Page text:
White House finally issues formal veto threat on Keystone bill

It took them long enough. Recall that when Mary Landrieu pushed her own version of an authorization for the Keystone XL pipeline, Barack Obama and the White House played coy, hoping to help her win the runoff election that she ended up losing in a landslide on December 6th. Even as late as this weekend, the Obama administration didn’t tip their hand on Keystone. Yesterday Josh Earnest told the gaggle that Obama wouldn’t sign the bill as it currently stands, but stopped short of an explicit veto threat against the idea entirely.


Today, the White House made it explicit:

The Administration strongly opposes H.R. 3, which would immediately authorize the construction, connection, operation, and maintenance of the Keystone XL pipeline and related cross-border facilities and declare that the Secretary of State’s January 2014 Final Supplemental Environmental Impact Statement satisfies the National Environmental Policy Act and any other provisions of law requiring Federal consultation or review with respect to the Keystone XL pipeline or its related facilities.

H.R. 3 seeks to circumvent longstanding and proven processes for determining whether cross-border pipelines serve the national interest by authorizing the Keystone XL pipeline project prior to the completion of the Presidential Permitting process.  In doing so, it would cut short consideration of important issues relevant to the national interest.  The bill also would authorize the project despite uncertainty due to ongoing litigation in Nebraska.

Because H.R. 3 conflicts with longstanding Executive branch procedures regarding the authority of the President and prevents the thorough consideration of complex issues that could bear on U.S. national interests (including serious security, safety, environmental, and other ramifications), if presented to the President, his senior advisors would recommend that he veto this bill.

They also issued a veto threat against the Save American Workers Act, which would change the threshold for full-time work from 30 hours in ObamaCare to 40 hours. No one expected any different reaction; Obama has repeatedly threatened to veto any Republican changes to ObamaCare. A few Republicans have expressed some concerns with the SAW Act too, worried that making the threshold 40 hours would encourage businesses to work people more hours while still treating them as part-time employees.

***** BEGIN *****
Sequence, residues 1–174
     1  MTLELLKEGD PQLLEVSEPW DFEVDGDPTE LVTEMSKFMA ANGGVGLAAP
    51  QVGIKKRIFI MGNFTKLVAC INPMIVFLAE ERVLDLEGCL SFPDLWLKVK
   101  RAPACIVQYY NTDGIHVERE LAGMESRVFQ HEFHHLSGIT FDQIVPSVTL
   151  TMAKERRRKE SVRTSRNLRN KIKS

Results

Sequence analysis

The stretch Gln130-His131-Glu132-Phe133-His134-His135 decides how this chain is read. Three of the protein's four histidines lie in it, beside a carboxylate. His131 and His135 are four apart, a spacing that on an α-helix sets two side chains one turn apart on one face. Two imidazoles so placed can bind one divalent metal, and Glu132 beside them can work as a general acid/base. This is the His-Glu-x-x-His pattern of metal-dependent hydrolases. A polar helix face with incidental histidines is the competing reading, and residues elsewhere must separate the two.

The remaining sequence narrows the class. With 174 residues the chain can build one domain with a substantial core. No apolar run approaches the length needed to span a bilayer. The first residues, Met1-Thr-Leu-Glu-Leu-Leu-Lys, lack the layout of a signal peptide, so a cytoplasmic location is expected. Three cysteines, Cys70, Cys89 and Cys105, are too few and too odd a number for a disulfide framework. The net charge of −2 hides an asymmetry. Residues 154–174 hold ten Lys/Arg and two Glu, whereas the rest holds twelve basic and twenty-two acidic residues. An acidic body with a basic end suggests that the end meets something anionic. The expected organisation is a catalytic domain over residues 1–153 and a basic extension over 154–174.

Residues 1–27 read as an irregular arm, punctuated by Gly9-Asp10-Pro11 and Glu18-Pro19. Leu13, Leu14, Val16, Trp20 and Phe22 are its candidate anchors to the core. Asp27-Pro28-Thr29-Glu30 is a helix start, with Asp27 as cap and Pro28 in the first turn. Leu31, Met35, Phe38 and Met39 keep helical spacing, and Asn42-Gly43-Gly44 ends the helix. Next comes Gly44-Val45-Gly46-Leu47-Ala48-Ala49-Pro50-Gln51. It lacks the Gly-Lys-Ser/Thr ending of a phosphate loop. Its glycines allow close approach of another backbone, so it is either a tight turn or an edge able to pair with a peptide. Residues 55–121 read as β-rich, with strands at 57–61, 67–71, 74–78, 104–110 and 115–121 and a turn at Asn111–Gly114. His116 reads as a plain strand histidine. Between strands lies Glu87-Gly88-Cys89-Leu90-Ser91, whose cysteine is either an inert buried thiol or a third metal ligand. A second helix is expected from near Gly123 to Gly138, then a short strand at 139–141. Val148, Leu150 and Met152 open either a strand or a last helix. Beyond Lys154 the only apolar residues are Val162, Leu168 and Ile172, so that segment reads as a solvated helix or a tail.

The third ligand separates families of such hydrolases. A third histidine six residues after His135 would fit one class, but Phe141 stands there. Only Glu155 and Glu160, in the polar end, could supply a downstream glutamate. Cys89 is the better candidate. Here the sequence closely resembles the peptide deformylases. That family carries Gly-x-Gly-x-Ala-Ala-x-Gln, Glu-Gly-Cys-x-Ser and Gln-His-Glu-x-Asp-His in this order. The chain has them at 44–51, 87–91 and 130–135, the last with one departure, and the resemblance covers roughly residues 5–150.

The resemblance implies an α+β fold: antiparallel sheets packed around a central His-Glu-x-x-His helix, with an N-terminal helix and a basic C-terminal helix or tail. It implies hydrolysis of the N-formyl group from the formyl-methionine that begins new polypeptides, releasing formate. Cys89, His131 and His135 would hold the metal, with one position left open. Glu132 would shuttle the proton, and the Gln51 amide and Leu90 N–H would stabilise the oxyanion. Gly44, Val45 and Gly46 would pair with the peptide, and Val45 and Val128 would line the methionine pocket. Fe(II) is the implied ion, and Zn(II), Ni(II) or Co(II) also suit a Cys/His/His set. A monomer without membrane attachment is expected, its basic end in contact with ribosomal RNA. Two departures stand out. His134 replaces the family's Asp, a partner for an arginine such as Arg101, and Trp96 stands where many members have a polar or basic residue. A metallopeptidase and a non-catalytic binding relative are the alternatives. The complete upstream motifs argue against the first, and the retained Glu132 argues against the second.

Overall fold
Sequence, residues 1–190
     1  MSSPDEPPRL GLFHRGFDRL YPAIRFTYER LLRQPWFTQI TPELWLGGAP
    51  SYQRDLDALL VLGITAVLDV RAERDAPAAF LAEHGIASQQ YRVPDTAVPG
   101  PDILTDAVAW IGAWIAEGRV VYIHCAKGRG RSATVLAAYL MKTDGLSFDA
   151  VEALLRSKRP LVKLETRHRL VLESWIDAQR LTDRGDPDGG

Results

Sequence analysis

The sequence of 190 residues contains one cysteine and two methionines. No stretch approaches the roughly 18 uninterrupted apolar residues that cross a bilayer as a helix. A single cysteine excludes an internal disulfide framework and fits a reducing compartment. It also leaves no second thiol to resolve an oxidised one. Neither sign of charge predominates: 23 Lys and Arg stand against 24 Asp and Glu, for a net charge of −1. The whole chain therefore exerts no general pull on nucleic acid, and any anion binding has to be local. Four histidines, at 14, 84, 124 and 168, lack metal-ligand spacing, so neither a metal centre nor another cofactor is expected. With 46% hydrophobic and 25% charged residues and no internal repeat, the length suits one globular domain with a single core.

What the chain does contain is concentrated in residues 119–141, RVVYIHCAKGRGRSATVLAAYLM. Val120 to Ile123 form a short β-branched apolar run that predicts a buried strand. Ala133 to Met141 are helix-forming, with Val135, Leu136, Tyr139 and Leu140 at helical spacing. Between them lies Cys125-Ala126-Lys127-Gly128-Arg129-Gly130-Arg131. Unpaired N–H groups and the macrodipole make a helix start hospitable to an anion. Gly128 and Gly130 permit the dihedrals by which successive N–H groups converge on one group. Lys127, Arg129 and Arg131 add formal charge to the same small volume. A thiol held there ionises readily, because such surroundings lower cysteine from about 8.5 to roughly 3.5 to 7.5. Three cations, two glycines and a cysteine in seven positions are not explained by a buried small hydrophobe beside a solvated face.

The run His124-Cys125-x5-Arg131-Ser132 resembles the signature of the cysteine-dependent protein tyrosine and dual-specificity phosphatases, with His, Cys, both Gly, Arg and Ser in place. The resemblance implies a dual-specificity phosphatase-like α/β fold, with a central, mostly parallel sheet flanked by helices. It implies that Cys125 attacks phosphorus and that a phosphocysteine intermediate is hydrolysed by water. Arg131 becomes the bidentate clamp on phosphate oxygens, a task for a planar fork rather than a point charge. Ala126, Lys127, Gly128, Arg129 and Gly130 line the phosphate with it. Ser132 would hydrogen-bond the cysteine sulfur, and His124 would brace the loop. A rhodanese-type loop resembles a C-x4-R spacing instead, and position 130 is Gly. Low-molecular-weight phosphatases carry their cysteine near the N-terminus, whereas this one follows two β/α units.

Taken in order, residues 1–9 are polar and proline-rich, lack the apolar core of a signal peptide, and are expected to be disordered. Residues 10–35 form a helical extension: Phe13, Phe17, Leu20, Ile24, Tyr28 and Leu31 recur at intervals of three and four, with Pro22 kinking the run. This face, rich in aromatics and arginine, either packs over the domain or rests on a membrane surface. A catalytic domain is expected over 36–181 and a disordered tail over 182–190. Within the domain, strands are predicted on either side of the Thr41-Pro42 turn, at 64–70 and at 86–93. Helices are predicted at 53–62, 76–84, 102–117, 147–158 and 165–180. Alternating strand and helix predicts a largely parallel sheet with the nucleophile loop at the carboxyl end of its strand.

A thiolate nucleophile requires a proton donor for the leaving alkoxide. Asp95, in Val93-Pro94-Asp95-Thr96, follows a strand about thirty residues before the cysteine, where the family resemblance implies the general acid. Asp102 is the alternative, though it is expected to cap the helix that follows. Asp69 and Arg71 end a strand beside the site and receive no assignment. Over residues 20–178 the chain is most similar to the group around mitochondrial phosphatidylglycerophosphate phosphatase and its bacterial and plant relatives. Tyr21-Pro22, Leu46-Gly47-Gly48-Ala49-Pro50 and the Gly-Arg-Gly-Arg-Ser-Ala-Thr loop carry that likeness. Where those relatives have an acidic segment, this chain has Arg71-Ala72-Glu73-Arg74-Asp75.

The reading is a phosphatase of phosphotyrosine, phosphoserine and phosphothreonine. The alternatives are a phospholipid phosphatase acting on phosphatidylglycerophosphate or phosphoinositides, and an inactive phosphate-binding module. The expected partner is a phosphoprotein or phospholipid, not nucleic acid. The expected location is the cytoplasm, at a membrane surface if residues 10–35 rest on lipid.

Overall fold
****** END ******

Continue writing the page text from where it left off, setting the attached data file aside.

On Keystone, though, the White House has more problems, not the least of which is dishonesty. The State Department has had six years to consider Keystone, which makes the claim that Congress would “cut short consideration of important issues” a laughable lie. The US fought the second world war in less than four years in comparison, and put a man on the Moon in almost the same amount of time that the Obama administration has stalled out on a pipeline. Citing the legal challenge is more nonsense; an approval would have no impact on the court. These applications do not sit around waiting around for the resolution of all possible legal challenges.

This sounds like a good first test of Mitch McConnell’s outreach efforts to Democrats. In fact, that’s exactly what McConnell has in mind:

Manchin teamed up with Republican Sen. John Hoeven (N.D.) on Tuesday to introduce legislation that would approve the Keystone XL oil pipeline. The Democratic co-sponsors of the bill include Donnelly, Heitkamp, Warner, McCaskill and Jon Tester (Mont.).

Hoeven believes he can attract centrist Democrats to the cause of regulatory reform. He says farm-state Democrats have signaled their support for an amendment that would prevent the Environmental Protection Agency from significantly expanding federal authority to regulate small wetlands, creeks and stock ponds.

On Wednesday, Manchin and Donnelly will join centrist Republican Sens. Susan Collins (Maine) and Lisa Murkowski (Alaska) in unveiling a proposal to change ObamaCare’s definition of full-time employment from 30 hours per week to 40.

Manchin is also in talks with Sen. Lamar Alexander (R-Tenn.), the expected chairman of the Health, Education, Labor and Pensions Committee this Congress, about education reform, and has voiced interest in passing immigration reform in the next two years as well.

Also on Tuesday, Heinrich, Heitkamp and Kaine joined Sen. John Barrasso (Wyo.), a member of the Senate Republican leadership, to introduce a bill expanding exports of liquefied natural gas. Sen. Michael Bennet (Colo.), the recent chairman of the Democratic Senatorial Campaign Committee, is an original co-sponsor of the measure.


Therein lies the danger for Obama, but also an escape hatch. The White House emphasized yesterday that they opposed the Keystone bill coming out of the House, and issued today’s threat on that basis. If McConnell gets 60 or more votes for a Keystone bill, a veto is going to marginalize Obama and undercut the premise of his argument about due diligence. On the other hand, McConnell plans to allow for amendments from both parties and a full committee process on almost all legislation, a sharp departure from the dictatorial Harry Reid era. If Democrats offer amendments that Republicans can support, the White House can claim that the bill has changed enough to their satisfaction — in essence, declare victory and depart the field before anyone asks too many questions.

Watch, then, to see whether the White House comments on the upcoming Senate bill — and how many votes it gets on the Senate floor when it finally comes up for approval. If it gets more than 60 votes, expect the Obama administration to pick another fight somewhere else. If they don’t, Republicans will have their first evidence in the 114th Session that Obama plans to be obstructionist, and that it’s the Democrats who can’t govern. That would be the first volley of 2016.

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